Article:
Picks and Pans Review: Katharine Hepburn
updated 05/01/1995 AT 01:00 AM EDT
•originally published 05/01/1995 AT 01:00 AM EDT
For decades, in screen roles as varied as Jo March in Little Women, Tracy Lord in The Philadelphia Story and Eleanor of Aquitaine in The Lion in Winter, Katharine Hepburn has epitomized fierce independence and grit. But as biographer Leaming so skillfully reveals, the reality of Hepburn's life has been strikingly different. Coming from a family with a history of suicide, Hepburn has been drawn to depressive, self-destructive men. She hoped to save them, the writer theorizes, since she hadn't been able to save her beloved older brother Tom, whose body she found after he hung himself at age 15.
Hepburn's two great loves—director John Ford and actor Spencer Tracy—were both heavy drinkers and unhappily married to others. Ford felt too guilty to even consummate his attraction to Hepburn, and she finally gave up on him. But Tracy became Hepburn's cause for three decades. This seemingly strong, self-confident woman constantly sacrificed her own desires—including her job plans—so that she could cater to Tracy. A searing image in the book is of Hepburn asleep on the doorstep of Tracy's room at the Beverly Hills Hotel while he was inside drinking himself into a stupor. Even when locked out, she was still determined to watch over him.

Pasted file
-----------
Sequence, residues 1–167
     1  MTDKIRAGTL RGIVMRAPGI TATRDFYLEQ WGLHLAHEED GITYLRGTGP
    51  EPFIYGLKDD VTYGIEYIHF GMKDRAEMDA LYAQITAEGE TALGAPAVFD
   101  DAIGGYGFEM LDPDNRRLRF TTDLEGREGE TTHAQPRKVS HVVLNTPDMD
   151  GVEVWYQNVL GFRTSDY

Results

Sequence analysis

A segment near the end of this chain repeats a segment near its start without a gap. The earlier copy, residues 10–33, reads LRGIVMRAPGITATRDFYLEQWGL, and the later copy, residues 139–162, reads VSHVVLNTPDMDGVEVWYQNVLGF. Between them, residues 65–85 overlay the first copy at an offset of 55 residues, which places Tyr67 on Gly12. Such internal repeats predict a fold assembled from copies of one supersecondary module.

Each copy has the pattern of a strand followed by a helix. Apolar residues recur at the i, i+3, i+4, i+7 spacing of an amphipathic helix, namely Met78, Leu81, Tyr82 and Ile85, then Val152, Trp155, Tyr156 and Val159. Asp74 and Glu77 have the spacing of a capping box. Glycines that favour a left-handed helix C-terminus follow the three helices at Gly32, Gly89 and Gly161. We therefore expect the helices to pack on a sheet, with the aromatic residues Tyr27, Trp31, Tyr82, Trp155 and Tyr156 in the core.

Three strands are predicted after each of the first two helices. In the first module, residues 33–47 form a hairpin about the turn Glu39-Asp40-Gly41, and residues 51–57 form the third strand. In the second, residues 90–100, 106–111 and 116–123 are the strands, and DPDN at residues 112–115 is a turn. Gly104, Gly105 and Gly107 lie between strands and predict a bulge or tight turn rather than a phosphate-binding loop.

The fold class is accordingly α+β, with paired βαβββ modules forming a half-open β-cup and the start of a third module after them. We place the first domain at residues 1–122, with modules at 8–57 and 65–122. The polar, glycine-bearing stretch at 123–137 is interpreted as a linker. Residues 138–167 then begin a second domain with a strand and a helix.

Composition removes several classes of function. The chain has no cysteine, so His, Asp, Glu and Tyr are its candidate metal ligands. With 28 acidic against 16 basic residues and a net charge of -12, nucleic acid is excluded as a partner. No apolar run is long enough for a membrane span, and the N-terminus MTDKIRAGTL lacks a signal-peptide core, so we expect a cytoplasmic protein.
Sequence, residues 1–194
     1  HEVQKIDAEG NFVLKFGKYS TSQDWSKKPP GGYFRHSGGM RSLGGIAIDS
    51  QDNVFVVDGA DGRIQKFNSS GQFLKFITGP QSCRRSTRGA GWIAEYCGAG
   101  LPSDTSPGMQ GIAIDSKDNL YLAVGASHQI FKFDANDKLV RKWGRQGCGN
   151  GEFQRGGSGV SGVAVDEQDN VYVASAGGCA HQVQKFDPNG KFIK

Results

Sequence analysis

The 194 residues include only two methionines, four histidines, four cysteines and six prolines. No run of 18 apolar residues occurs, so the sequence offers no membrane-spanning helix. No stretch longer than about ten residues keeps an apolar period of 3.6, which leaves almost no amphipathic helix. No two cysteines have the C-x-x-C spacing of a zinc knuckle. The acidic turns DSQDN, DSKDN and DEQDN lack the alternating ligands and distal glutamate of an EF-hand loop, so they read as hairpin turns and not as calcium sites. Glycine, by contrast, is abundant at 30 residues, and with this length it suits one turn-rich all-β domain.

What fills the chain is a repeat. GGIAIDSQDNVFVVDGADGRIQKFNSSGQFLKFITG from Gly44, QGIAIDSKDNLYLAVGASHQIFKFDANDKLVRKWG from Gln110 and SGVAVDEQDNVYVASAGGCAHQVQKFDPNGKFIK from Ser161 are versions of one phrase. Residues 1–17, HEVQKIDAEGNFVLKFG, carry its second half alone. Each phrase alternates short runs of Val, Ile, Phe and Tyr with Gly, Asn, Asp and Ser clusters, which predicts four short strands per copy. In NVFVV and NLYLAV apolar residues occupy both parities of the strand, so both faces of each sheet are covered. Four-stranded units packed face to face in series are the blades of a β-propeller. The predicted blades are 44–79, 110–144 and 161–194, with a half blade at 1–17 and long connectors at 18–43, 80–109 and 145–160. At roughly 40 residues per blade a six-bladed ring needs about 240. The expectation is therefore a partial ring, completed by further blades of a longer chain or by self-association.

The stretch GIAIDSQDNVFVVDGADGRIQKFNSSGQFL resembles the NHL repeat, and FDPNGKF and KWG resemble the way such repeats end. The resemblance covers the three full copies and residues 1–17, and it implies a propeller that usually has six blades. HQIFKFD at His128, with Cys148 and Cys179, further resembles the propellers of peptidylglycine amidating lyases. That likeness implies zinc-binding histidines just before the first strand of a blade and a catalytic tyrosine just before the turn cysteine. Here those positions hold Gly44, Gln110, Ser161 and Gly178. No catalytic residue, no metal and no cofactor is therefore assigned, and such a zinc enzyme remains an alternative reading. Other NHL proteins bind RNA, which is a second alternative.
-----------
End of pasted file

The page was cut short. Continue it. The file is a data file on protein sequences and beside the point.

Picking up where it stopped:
Leaming attempts to prove that the star's life—particularly her choice of partners—has been an attempt to work out a family drama that began when Hepburn's grandmother Carrie Houghton was unable to keep her grandfather Fred from sinking into despair and killing himself. To this end Leaming devotes a large portion of the book to the Hepburn and Houghton family histories before Katharine's birth—she herself is barely discussed until page 136.
Leaming's pursuit of her thesis often plods unfortunately, and the focus on Hepburn's family and her subsequent relationships with Ford and Tracy means there's too little about Hepburn's work and day-to-day life. But the actress has covered much of this in her own two memoirs. Leaming brings an outsider's valuable perspective to the life of a singular and clearly very complicated woman. (Crown, $27.50)